When Ingmar Bergman Became Ingmar Bergman: 'Summer Interlude'

In Summer Interlude, Ingmar Bergman started using the stylistic themes and profound approaches to his characters that would become his own personal trademark.

Summer Interlude

Director: Ingmar Bergman
Cast: Maj-Britt Nilsson, Birger Malmsten, Alf Kjellin
distributor: Criterion
Rated: NR
Release date: 2012-05-29
"There are five or six films in the history of the cinema which one wants to review simply by saying, 'It is the most beautiful of films.' Because there can be no higher praise”.

-- Jean Luc Godard on Summer Interlude

By 1951, 33-year-old Ingmar Bergman had already achieved international fame for his screenplay of Torment, which had been directed by Alf Sjoberg and released in 1944. His talent as a writer opened up the doors of the film industry and soon he was asked to direct. Few of his earlier movies have achieved the popularity and prestige of works like Persona or Scenes from a Marriage, but Summer Interlude is worth revisiting because it might very well be the first movie where Bergman became Bergman.

In Summer Interlude, Bergman started using the stylistic themes and profound approaches to his characters that would become his own personal trademark. As usual, his plot is rather simple and straightforward; the film opens inside a theater where a group of ballerinas are in rehearsals for Swan Lake. Prima ballerina Marie (Maj-Britt Nilsson) receives a mysterious parcel which turns out to be the diary of Henrik (Birger Malmsten), her first love whom she met more than a decade before.

Moved by the strangeness of the delivery, Marie takes a boat to the island where she met Henrik and proceeds to visit the places where they conducted their romance. We learn that the reason for her melancholy is that their affair ended tragically and it seems as if Marie has spent the rest of her life trying to move past the painful memories.

With this exploration of an artist’s soul, Bergman makes us wonder whether art is something that can come out of “happy” or content people. All of his movies where art is somehow involved, suggest that creation is never more potent than when we use it as a release from our personal demons. Remember, for example, how the young hero from Fanny and Alexander uses a little puppet theater to change the course of his life, or how the doomed knight from The Seventh Seal seems to find solace in the company of a troupe of artists.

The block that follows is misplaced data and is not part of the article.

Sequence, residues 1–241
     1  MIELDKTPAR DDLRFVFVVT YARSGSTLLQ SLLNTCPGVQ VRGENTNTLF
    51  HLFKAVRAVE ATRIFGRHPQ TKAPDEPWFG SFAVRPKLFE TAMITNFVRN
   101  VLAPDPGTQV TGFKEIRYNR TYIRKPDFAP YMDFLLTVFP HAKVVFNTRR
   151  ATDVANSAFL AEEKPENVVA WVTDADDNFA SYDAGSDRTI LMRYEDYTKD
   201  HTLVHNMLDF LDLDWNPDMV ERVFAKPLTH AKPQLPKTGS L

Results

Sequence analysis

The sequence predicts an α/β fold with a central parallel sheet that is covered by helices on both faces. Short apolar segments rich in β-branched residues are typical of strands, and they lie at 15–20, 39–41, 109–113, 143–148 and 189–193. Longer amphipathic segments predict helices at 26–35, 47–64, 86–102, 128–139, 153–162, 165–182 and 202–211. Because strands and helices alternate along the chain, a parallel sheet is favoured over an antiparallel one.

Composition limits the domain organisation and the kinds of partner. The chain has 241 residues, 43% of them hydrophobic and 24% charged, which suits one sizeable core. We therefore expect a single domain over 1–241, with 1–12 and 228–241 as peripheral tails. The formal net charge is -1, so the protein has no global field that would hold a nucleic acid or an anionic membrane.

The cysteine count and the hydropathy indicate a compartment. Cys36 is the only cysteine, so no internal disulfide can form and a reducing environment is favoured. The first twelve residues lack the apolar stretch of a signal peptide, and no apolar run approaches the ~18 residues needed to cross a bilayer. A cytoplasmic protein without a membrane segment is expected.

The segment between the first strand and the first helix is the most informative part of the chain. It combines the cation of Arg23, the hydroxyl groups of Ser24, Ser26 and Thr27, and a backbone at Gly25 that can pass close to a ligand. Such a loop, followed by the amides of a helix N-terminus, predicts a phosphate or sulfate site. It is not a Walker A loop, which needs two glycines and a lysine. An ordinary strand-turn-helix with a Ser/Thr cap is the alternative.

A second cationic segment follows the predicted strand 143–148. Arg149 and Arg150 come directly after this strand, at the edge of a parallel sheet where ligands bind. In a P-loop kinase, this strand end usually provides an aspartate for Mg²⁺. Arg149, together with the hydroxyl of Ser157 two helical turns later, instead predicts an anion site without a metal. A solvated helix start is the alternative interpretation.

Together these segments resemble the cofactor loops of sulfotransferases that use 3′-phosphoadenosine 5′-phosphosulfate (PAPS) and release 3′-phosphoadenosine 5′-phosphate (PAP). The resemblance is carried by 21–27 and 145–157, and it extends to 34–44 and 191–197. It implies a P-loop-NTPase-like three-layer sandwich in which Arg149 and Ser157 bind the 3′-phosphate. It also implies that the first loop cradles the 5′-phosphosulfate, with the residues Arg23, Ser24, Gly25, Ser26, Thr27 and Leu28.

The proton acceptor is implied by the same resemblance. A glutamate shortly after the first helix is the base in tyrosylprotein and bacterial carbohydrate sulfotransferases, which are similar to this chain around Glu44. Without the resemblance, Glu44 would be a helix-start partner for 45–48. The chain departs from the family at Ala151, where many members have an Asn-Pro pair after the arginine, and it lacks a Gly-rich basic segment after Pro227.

There are endless moments in Summer Interlude that evoke or seem to be referencing Bergman’s further works. During a beautiful exterior scene, Marie and Henrik decide to go looking for “wild strawberries” and a darker scene has Henrik’s ailing grandmother (Renée Björling) who calls herself “death”, playing a game of chess with the vicar (Gunnar Olsson). It’s getting chilly for the old corpse and the clergyman” says the old woman, before the camera -- in direct opposition to the macabre feel of the situation -- moves to find the young lovers. Those unfamiliar with Bergman’s oeuvre aren’t likely to notice such moments, but his devotees will find themselves glowing excitedly because watching this feels like watching the birth of a genius.

The film’s stunning cinematography (by Gunnar Fischer) echoes the work Bergman would extract from Sven Nykvist later during the decade and the work provided by all his actors suggests how deep his latter performers would dive, in order to find the essence of their oft-troubled characters. Nilsson in particular, taps into the essence of the Bergman heroine: conflicted, otherworldly beautiful and holding tight to a secret that both fuels and shatters her life.

When the film starts and before we know the secret she’s hiding, Nilsson puts on a wonderful performance of a woman coming to terms with the inevitability of aging. “Our faces look 45, our bodies 18, we’re 28, but girls call us ‘ma’am’”, says one of the other ballerinas, as Marie gives her a sad smile. The beauty of this moment isn’t that Bergman was always so clever at capturing women’s issues, but that he so clearly knew that women were not necessarily the damsels in distress literature and other art forms might make us believe.

Bergman’s women always went beyond having completely superfluous problems (meaning plot driven conflicts or troubles with foreseeable resolutions); theirs are always problems that force us to give a closer look at those around us. Is Marie sad merely because she had a tragic love affair ages ago? Or is the summer interlude more affecting to her because it throws death and time at her when she least expects it to? This leads us to wonder why she even received the diary to begin with, but to spoil that would be making a disservice to a story that feels as soothing as the memory of a warm summer night and as devastating as the realization that perhaps life has no true meaning in the long run.